While sitting together as a family, Micah and I in a chair with Henry at our feet in the floor, we held the elements in our hands during our Good Friday service. As my pastor read the text, our hands shuffled the bread and juice in anticipation for the prompts:
“This is my body, take and eat. This is my blood, take and drink.”
Henry crawled over from his spot on the floor in front of us and pulled up curiously to see what Micah had in his hands.
I was reminded of myself as a child, watching the men of our church gathering up front to pray over the elements before passing the plates, the inevitability of plates clanking as they were passed down the pew right past me for years until I had made my own profession of faith and was able to partake along with those around me.
There was just something about Henry’s insistence as he reached his tiny hand over to grab Micah’s juice that made me say to myself, “of course we all want to partake in communion but we don’t want the commitment that comes before it.”
Communion is a holy practice that was made available by an unbearable sacrifice and should only be taken in holy reverence by those who have committed their lives to following Jesus.
But of course we want to just jump in and take communion without the commitment.
In the same way we want emotional healing without committing the time to see a counselor.
We see a culture of wanting the sex and companionship and not the commitment of marriage.
We want to see racial equality within our country without doing the work of seeing racial equality within the church or worse, we don’t seem to care about seeing equality in our country because we don’t want to face the ugliness of racism within the church.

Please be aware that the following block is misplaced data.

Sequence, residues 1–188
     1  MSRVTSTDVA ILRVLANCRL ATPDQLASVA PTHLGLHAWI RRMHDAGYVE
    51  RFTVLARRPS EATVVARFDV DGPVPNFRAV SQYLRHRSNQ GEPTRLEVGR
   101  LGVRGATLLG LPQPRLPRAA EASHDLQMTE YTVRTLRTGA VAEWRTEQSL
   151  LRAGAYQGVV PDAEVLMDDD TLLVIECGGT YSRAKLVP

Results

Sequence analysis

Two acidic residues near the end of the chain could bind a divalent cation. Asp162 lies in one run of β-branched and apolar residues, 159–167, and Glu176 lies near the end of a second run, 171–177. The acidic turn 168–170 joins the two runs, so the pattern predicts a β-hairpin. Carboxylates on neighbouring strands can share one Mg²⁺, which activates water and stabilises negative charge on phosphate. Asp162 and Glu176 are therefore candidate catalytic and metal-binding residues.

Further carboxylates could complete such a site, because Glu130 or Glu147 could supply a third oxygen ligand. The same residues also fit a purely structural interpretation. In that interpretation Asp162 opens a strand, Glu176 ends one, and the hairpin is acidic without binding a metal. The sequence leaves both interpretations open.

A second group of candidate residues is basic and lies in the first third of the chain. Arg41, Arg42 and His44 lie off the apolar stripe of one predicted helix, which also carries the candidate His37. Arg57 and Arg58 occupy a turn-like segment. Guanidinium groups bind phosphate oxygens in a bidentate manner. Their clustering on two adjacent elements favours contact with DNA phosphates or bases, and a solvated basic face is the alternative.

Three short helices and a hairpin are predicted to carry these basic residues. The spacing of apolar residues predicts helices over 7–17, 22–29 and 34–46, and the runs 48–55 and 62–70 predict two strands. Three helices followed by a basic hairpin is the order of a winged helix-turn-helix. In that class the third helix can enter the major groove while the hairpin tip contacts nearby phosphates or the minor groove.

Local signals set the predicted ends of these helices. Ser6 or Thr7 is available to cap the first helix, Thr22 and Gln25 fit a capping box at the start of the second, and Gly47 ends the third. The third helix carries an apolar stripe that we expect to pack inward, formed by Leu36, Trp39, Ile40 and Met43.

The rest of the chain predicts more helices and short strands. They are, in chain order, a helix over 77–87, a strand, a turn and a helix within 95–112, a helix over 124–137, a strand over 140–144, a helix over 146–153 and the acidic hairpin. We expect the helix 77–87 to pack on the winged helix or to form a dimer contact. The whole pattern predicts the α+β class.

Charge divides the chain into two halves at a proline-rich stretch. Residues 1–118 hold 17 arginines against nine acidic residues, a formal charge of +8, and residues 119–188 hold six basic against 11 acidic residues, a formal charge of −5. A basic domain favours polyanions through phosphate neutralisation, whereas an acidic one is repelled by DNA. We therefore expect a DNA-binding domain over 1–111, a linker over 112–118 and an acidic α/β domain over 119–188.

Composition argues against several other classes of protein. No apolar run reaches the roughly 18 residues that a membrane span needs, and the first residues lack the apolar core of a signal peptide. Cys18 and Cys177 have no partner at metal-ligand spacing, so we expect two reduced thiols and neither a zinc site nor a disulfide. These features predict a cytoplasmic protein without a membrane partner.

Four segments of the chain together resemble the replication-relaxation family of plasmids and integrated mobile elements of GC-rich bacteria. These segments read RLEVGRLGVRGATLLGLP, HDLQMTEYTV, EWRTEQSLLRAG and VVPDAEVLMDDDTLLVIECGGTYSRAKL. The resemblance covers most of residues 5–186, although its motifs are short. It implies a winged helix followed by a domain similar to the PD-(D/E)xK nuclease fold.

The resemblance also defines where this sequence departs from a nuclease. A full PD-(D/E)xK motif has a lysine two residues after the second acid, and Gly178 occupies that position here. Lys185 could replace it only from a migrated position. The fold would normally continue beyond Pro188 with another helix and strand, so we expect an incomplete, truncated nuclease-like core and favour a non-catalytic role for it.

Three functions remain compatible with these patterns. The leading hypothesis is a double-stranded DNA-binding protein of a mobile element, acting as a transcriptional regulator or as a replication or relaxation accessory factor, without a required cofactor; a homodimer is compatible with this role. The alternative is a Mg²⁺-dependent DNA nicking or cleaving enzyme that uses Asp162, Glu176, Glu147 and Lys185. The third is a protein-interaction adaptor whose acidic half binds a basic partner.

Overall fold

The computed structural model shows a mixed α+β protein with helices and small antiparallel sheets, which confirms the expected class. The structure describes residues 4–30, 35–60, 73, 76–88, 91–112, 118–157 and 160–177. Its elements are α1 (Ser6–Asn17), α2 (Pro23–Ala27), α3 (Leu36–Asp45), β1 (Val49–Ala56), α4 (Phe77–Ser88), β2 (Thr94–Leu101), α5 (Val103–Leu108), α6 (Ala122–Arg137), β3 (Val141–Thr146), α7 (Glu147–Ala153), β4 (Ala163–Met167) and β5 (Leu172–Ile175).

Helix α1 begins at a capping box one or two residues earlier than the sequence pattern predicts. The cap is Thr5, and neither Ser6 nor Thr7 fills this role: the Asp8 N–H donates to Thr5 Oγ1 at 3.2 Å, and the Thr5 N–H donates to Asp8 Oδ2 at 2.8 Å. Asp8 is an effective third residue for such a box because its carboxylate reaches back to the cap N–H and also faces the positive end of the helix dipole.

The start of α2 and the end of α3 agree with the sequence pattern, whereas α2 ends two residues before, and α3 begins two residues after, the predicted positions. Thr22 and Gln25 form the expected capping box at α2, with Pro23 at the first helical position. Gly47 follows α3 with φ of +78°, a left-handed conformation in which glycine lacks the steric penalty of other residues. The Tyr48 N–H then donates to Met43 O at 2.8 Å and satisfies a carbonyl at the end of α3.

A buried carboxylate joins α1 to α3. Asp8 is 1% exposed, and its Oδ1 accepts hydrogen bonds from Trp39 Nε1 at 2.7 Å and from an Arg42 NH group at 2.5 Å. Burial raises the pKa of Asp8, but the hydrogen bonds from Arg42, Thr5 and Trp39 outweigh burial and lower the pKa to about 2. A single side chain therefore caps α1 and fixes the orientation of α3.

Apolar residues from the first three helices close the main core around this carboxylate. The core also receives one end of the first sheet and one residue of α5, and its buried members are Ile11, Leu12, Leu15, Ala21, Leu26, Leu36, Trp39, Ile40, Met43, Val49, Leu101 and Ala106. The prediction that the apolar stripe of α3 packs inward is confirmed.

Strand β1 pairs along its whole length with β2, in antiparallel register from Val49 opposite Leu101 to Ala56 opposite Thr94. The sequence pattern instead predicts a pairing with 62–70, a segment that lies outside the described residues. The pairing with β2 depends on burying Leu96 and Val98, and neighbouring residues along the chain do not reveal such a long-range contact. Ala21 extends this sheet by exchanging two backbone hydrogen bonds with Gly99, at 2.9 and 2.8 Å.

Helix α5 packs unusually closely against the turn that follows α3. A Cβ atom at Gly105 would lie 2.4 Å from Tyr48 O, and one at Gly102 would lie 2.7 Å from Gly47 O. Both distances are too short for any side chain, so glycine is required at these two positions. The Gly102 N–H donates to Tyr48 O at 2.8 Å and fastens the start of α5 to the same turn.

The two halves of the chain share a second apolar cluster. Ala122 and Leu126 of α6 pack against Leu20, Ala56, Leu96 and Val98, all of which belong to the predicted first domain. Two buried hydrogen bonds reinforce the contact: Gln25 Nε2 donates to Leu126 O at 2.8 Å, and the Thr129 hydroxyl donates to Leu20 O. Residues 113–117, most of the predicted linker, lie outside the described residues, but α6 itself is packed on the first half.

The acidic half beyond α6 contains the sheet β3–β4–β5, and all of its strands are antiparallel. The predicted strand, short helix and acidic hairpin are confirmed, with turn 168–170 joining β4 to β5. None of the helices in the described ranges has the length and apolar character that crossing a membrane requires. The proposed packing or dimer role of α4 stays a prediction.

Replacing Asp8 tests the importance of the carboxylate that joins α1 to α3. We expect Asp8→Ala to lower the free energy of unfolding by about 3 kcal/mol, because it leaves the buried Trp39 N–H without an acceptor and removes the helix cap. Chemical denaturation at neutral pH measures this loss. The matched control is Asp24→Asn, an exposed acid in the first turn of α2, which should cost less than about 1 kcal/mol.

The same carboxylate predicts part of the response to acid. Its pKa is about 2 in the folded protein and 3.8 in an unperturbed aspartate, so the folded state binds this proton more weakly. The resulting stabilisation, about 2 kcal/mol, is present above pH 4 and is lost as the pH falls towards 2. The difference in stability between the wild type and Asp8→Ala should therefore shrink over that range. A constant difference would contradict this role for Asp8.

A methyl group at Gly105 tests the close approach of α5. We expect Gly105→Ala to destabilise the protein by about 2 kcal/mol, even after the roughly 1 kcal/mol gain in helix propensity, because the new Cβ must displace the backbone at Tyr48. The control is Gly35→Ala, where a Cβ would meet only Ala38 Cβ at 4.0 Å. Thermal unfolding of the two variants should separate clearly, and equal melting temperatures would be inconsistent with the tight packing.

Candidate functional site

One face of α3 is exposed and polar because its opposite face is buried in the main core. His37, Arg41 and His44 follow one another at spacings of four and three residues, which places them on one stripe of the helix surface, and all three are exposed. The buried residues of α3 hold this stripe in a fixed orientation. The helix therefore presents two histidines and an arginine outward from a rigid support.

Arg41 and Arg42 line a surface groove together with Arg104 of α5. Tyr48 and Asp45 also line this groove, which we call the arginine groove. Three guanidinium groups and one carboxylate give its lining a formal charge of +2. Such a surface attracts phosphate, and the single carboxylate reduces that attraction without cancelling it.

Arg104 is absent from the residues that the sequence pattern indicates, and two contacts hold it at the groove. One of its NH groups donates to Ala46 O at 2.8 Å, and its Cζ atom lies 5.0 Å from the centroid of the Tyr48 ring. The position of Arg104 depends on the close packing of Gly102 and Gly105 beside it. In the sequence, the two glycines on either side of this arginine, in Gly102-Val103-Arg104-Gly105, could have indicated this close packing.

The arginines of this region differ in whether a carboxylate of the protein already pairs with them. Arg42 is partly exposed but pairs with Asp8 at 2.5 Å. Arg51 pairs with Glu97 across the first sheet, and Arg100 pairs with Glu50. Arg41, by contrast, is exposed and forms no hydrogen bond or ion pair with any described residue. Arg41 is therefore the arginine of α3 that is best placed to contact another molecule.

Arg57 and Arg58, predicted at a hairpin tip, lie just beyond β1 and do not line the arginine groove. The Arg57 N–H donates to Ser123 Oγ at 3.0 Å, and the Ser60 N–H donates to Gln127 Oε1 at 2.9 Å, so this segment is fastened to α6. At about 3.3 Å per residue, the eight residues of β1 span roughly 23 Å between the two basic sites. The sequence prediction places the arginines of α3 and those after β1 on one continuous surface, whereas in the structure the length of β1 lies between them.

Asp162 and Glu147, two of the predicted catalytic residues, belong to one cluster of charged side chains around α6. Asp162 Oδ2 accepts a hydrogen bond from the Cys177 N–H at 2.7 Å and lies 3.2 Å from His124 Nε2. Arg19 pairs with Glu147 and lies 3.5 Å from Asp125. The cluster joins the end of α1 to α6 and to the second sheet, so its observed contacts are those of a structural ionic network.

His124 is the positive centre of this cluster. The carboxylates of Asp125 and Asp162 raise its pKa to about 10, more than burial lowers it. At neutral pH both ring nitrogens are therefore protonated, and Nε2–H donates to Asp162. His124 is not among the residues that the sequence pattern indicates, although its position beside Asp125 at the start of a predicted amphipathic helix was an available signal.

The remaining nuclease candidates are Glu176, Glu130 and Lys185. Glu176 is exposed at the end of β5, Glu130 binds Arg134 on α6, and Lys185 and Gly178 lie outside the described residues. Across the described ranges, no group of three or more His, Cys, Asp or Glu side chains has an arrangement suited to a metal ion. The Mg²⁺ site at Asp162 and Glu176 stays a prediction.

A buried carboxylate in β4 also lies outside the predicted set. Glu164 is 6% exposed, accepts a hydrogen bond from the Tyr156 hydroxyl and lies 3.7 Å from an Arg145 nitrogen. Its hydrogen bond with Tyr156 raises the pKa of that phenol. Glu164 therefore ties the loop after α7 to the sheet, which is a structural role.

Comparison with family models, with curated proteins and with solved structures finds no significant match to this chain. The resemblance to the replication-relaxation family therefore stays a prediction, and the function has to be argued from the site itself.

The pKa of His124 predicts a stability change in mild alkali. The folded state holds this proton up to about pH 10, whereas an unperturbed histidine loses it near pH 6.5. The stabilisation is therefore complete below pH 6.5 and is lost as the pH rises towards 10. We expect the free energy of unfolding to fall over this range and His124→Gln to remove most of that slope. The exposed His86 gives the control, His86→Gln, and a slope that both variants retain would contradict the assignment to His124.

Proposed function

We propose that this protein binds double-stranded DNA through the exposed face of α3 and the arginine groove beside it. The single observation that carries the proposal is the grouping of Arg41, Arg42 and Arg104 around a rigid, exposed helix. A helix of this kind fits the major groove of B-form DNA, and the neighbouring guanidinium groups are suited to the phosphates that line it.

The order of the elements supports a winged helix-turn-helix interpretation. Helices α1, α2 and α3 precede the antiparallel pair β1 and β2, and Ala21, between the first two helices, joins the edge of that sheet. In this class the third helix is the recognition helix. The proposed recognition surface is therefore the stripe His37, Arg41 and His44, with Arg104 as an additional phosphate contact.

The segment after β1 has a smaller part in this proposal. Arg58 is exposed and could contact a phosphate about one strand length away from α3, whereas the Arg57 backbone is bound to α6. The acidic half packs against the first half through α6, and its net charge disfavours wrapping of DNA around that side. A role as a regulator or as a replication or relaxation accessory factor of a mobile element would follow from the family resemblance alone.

We say “Sunday is coming” but to experience the fullness of the Glory that is Resurrection Sunday, we need to sit in the pain and feel the weight of our own sin hanging Jesus on the cross.
We have conditioned ourselves to skip past the hard, heavy and painful parts of our lives. We numb out with scrolling as a distraction. We try to control the situations and people around us. We even get hyper focused on the hope for something better and while need the hope to survive, it’s in tandem with the pain.
My fear for the Church is that we’ve accepted a mediocre American fast food version of Christianity – one where we make minimal commitments, we just drive up and place our order and “feast” on the way to something else that always seems to take a higher priority – and in turn miss out on so much of God’s glory to be experienced in the midst of pain, in the midst of waiting, in the midst of disappointment, in the midst of grief and loneliness and even the guilt of conviction.
When we don’t allow ourselves the space to sit in those dark places, we are also not allowing ourselves the space to experience the presence of Jesus with us in the pain and we miss the light He shines within the shadows of dark times.
Church, we can’t fully embody the Gospel of Jesus to a dark and dying world without acknowledging both the good and the hard truth of a life with Jesus – that Jesus came to save us from ourselves, yes AND it’s going to cost us everything the world says we need in full dependence on Jesus to provide something even better.
The life more abundant that we’re promised in Jesus lies within a life that acknowledges both the good and the hard truth.